* South East Asian-Australian writers
* The reception and study of Australian literature in India (or other major Asian country)
* Theoretical perspectives on Asian-Australian literary production

Application should include a full cv, including transcripts of previous studies, the names of two academic referees, a research proposal and a statement about your understanding of, and interest in, this area of study.

For more information please contact Prof. Wenche Ommundsen on (02) 4221 5445
(wenche @ uow.edu.au).

Deadline for applications: Extended to 14th November 2008.

JOBS VACANT - National Institute of Education, Singapore - English Language and Literature Academic Group (Deadline: 1 Feb 2009)

English Language and Literature Academic Group (ELL)

The National Institute of Education invites qualified applicants to apply for academic positions in ELL.

The ELL Academic Group has academic and pedagogy commitments. Its Literature programme offers a B.A. (Education) and an M.Ed. (English Literature Education), as well as teacher certification courses. Research-oriented postgraduate work is also offered for the Master of Arts and the Doctor of Philosophy (Ph.D.) degrees.


Applicants should have a Ph.D. in the relevant fields and preferably with a proven track record in research and teaching at the university. The successful candidate will be teaching two of the following areas:

  • 20th Century Fiction in English
  • 20th Century Poetry in English
  • Literary and Critical Theory

An applicant will be in a position of added advantage if he or she possesses a Postgraduate Certificate in Education (PGCE) or an equivalent qualification as well as some secondary school or sixth-form college literature teaching experience.

>> Visit the official job advertisement site HERE (includes all contact details and more job information).

PRIZE - Rascals Prize (People Like Us) - Singapore (Deadline: Jan 2009)

People Like Us (PLU) is the oldest homosexual rights and activist organisation in Singapore, and the inaugural Rascals Prize for Lesbian/Gay/BisexualTransgender/Queer research on Singapore is now open for entries.

The prize is valued at $S2,000 (about $AUD 2,000) for the best piece of research in any of Singapore's four official languages (English, Mandarin, Malay, Tamil).

The deadline for submissions is January 2009. Please contact PLU directly for further information: pluadmin @ gmail.com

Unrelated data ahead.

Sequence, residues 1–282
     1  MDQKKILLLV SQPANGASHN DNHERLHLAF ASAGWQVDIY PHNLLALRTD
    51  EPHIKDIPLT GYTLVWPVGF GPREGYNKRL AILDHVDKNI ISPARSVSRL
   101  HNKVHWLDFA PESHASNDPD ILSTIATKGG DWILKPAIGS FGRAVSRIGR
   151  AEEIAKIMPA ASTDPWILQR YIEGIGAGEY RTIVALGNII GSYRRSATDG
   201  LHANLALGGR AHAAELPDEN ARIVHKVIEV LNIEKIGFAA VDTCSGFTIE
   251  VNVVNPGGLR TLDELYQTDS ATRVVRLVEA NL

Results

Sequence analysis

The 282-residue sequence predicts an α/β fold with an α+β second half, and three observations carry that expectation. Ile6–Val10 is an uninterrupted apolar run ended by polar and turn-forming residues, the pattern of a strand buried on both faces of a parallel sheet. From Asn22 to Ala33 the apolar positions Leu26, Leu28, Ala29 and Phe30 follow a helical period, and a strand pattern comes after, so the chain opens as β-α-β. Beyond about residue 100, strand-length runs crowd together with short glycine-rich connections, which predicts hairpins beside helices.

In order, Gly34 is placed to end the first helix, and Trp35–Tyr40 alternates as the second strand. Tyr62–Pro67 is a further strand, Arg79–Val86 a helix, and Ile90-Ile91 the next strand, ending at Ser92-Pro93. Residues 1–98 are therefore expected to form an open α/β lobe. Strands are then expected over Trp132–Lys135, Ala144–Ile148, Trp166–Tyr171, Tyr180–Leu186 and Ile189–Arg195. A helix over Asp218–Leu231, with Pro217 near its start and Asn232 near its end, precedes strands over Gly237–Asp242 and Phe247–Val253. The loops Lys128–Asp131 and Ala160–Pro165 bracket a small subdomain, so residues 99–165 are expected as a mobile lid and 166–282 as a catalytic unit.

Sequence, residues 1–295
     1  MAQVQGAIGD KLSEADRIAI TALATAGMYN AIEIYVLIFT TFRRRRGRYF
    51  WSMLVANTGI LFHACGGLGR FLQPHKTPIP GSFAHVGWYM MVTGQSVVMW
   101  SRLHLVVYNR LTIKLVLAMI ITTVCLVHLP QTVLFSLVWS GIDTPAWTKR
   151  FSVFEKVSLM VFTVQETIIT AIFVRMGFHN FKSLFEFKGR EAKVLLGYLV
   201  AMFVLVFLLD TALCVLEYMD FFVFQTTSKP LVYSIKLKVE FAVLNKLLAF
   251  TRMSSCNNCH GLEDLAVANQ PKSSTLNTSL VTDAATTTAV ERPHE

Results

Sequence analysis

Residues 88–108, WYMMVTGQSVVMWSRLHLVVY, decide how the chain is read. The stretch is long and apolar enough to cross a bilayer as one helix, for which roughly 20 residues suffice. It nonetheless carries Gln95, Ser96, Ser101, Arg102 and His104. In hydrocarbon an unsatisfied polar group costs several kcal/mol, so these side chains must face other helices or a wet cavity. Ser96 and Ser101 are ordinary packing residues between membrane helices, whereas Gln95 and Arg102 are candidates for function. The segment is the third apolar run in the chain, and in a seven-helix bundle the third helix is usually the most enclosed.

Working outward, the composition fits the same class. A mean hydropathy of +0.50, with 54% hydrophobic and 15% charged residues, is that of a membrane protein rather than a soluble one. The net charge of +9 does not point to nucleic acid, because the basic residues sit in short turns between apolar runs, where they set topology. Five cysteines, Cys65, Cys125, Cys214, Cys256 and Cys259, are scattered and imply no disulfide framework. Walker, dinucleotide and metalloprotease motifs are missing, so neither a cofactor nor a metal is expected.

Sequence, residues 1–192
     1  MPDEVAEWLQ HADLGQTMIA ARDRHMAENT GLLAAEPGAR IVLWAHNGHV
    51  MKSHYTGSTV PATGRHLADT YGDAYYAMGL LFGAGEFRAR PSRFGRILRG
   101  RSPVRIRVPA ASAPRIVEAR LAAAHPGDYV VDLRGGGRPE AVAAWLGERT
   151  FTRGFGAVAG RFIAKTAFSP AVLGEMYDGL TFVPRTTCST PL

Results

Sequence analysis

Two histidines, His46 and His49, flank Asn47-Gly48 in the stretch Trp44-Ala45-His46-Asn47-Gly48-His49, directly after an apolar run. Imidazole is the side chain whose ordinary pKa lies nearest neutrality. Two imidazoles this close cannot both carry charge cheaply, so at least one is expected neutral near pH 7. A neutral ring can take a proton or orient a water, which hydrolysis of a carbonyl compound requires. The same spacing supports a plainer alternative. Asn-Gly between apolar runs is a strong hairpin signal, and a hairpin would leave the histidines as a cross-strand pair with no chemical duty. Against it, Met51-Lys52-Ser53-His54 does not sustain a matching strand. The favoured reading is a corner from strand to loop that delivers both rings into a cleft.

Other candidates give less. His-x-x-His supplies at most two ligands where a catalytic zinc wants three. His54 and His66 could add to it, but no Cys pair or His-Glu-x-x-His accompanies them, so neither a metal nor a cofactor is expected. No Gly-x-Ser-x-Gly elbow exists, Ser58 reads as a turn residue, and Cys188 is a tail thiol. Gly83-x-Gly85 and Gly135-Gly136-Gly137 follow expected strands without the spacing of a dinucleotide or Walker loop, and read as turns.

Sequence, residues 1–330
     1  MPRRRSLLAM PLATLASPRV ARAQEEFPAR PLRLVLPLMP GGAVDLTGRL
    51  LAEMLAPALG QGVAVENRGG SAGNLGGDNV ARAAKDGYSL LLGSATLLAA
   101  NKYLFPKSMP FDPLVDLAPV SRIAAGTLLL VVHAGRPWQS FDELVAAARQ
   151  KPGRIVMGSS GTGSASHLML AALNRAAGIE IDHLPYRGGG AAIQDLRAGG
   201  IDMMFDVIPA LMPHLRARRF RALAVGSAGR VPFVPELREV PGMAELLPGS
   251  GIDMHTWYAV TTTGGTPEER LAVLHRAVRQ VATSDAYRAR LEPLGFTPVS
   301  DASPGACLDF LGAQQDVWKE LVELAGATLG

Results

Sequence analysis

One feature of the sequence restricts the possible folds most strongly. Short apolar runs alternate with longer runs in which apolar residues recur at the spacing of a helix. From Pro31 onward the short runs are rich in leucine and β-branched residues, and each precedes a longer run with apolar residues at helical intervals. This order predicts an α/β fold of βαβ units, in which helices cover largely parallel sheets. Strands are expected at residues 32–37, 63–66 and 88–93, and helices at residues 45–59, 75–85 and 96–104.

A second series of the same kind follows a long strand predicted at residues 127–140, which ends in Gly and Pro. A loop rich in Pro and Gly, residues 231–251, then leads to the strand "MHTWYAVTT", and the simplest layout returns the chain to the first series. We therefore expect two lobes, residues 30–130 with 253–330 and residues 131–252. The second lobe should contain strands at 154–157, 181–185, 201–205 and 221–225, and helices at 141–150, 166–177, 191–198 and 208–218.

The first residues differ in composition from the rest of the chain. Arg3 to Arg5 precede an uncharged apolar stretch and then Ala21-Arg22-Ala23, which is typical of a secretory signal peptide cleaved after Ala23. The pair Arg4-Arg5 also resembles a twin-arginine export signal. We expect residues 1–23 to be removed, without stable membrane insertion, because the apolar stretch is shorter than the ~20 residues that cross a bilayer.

>> Download the PDF flyer HERE.


People Like Us is a Singapore gay and lesbian group focussed on advocacy and public education. It is an informal group since the Registrar of Societies refused to grant registration in 1997, and in 2004 when we applied a second time.

As an informal group, it does not yet have any firm membership, but a feel for the numbers of interested persons can be seen from the fact that there are over 2,300 members in PLU’s email discussion list SiGNeL.

CFP - Anthology - Women Warriors: Fighting Breast Cancer

Women Warriors: Fighting Breast Cancer

AASRN member Robyn Morris is editing an anthology of stories regarding the trials of breast cancer including, but not limited to;
  • responses to diagnosis,
  • the experience of treatment,
  • the trials of juggling work and/or family,
  • facing/embracing the future.
Stories are encouraged from breast cancer patients, their friends and/or their family.

Individual chapter submissions will be around 2000-5000 words although larger chapters will be considered. Poetry will be considered also.

Please contact Robyn via email if you have any further queries or wish to register your interest in this project.

All monies raised from this book will be donated to the National Breast Cancer Foundation (NBCF) for future research.

Contact email: robynmorris @ bigpond.com

NEW BOOK - As others see us: The values debate in Australia (Australian Scholarly Press)


As Others See Us:
The values debate in Australia
edited by J.V. D'Cruz, Bernie Neville, Devika Goonewardene & Phillip Darby

This book is a splendid collection of essays on Australian culture, politics, and the "values" debate- illuminated by the ideas of a thinker Australians need to know, Ashis Nandy, one of the foremost critical intellectuals on the globe. Across issues from asylum seekers to sport, this book digs through the clotted layers of official hypocrisy to lay bare both the violence, and the hope, that mark our situation in the world.
-- Professor Raewyn Connell, University of Sydney, author of Southern Theory (2007).
  • An Ashis Nandy Travelling Kit for 'DOWN UNDER'
  • Australia's Polygot Ghosts